A decade ago, donor insemination was used almost exclusively by married couples with fertility problems, often keeping the children in the dark. Today, roughly half of the people going to sperm banks are lesbian couples and single women.
With no male in the household, it's harder to conceal the truth, so a generation of donor kids, like Ryan Kramer, has stepped out of the shadows and begun to seek answers to some of life's most basic questions: who am I, and where did I come from?
Asked why this became so important to him, Ryan says: "Having that half of my family and half of really where I came from be a complete unknown was something that I was very curious about. I feel that I'm a whole person, but I'm missing part of where that person came from."
When somebody asks who his father is, Ryan says he tells people he doesn't know. "I was born through anonymous donor insemination. So, I don't know who he is exactly," he explains.
Asked what he puts down on forms he has to fill out for school, Ryan says, laughing, "N/A (Not Apply)."
Ryan lives outside Denver with his mother, Wendy. She conceived him with an anonymous sperm donor because there were fertility issues with her and her husband. That marriage ended in divorce when Ryan was one. Over time, her son's endless curiosity about his biological father and potential half-siblings piqued her own.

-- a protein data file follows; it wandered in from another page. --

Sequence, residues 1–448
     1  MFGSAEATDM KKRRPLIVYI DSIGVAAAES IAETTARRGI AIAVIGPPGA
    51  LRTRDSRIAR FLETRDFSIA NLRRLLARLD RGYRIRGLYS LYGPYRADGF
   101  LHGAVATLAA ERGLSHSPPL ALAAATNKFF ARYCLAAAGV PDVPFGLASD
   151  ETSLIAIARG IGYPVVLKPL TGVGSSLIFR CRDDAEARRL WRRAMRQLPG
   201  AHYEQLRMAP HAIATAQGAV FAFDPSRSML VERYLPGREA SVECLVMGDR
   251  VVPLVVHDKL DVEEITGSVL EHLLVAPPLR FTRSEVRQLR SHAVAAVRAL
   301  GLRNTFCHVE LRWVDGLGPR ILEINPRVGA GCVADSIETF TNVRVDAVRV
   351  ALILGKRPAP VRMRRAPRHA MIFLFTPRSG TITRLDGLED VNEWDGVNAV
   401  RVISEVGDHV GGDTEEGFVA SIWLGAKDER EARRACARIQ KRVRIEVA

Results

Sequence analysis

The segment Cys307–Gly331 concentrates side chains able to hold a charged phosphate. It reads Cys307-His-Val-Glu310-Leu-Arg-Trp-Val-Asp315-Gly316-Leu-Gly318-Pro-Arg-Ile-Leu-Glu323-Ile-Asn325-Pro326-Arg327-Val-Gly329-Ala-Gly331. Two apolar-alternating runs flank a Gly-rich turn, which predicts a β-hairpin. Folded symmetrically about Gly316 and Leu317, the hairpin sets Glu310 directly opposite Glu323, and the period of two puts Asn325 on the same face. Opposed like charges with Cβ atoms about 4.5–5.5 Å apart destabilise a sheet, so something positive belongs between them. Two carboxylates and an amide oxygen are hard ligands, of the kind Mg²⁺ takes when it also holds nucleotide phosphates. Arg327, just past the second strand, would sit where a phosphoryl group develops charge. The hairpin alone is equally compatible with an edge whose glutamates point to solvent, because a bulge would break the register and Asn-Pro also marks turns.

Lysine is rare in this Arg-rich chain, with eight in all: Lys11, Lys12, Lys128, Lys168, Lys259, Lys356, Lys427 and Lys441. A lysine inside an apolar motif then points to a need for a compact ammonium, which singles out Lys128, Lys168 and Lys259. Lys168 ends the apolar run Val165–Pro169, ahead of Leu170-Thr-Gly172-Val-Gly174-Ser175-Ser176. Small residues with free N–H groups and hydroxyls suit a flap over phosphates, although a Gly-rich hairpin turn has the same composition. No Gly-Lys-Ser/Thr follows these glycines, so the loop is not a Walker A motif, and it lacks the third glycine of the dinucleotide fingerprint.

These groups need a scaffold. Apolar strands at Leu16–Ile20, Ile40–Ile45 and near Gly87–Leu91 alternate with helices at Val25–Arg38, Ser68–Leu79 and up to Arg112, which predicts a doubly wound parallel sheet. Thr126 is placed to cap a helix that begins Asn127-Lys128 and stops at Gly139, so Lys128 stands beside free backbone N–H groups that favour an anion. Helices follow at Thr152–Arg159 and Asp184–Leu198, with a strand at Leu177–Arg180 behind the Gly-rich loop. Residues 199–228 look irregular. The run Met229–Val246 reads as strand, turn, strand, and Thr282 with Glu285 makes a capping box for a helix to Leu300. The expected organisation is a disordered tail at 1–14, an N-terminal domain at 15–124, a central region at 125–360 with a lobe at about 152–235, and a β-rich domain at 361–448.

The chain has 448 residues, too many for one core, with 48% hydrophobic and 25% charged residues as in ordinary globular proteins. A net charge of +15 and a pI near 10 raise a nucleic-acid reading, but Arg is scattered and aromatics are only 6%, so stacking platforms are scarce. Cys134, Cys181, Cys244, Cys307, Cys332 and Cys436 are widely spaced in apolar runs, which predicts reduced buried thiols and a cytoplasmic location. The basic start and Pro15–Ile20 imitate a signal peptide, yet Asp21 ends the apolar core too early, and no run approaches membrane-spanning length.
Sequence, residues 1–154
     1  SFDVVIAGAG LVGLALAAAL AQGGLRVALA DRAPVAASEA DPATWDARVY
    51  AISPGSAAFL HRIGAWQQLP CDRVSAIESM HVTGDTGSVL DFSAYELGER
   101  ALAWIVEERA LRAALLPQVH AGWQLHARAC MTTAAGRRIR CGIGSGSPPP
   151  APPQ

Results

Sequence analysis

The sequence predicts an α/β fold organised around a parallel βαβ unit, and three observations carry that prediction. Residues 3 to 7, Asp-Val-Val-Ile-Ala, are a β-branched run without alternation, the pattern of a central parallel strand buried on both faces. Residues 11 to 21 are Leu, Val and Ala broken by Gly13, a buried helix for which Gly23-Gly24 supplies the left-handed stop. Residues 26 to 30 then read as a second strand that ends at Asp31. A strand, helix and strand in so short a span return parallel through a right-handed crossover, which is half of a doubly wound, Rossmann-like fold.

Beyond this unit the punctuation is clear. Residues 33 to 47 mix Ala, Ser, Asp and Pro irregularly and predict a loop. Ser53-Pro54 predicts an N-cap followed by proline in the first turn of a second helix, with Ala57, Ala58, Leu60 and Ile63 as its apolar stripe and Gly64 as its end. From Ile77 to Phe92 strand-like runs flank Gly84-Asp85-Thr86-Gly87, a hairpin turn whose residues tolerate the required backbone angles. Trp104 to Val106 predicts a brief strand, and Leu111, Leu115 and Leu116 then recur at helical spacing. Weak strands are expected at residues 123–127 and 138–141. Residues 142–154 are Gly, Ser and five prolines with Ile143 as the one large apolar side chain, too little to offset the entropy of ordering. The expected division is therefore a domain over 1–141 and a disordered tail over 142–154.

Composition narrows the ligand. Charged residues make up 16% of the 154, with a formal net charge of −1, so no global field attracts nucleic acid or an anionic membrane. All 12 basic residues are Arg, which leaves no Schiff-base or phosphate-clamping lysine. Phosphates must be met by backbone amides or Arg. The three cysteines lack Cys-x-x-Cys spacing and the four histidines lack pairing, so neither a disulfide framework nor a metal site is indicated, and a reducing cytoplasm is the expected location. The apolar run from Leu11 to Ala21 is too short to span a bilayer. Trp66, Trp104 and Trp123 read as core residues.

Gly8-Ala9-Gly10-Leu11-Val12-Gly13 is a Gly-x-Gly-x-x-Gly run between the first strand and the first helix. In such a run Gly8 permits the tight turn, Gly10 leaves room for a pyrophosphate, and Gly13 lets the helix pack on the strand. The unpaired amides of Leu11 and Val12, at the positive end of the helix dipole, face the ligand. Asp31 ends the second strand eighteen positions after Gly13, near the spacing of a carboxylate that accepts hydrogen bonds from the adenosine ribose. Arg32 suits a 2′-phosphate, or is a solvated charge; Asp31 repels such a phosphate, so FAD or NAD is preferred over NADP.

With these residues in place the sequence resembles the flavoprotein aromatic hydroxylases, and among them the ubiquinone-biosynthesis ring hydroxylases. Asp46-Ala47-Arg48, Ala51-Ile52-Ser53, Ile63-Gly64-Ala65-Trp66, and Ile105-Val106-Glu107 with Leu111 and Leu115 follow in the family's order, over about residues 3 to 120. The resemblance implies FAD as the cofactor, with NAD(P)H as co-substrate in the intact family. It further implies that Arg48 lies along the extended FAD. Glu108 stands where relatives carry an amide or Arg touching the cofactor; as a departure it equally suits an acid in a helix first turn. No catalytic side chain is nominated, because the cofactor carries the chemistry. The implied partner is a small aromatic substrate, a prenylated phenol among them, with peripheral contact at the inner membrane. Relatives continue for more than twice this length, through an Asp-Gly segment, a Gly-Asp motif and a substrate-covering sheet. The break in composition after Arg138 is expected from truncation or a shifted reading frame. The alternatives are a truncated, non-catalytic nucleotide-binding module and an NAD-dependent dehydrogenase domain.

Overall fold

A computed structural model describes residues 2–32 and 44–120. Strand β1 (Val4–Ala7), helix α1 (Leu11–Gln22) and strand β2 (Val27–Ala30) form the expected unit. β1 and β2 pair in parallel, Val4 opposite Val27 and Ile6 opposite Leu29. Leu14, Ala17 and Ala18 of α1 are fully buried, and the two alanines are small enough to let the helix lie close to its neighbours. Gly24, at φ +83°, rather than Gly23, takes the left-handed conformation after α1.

"You said that there were traits that obviously didn't come from you. What were the traits?" Kroft asked.
"His brain," Wendy replied, laughing.
Ryan is a mathematics prodigy. At 15, he is a sophomore at the University of Colorado, studying aerospace engineering. Lots of mothers hope to raise a rocket scientist; Wendy Kramer got one.
She says that didn't come from her. "And I used to joke that, ya know, as far as, ya know, the sperm goes, I put in for regular and somebody gave me high-test," Wendy says.
Hoping to find Ryan's biological father, Wendy contacted her sperm bank. The California Cryobank is one of the largest in the country, and has supplied the sperm to create as many as 200,000 babies. But like other banks, it is built on the bedrock of anonymity, insulating donors from paternal obligation — legal, financial, or otherwise. So Wendy Kramer went to the Internet and began building an online database called the Donor Sibling Registry.
It's a worldwide registry for donor conceived people. Wendy says the response has been huge.
"Adult donor conceived people, parents of the donor conceived and, now more than ever, even the donors themselves are coming to the site saying, 'I had no idea that I had the right to be curious,' " she explains.
The Web site now has more than 7,000 members. They send in their contact information, along with the name of the sperm bank that was used, and the donor number. The Web site collates the information, allowing donors, their offspring, and half-siblings to contact with each other.
On the site, one can spot quite a few matches, highlighted in yellow.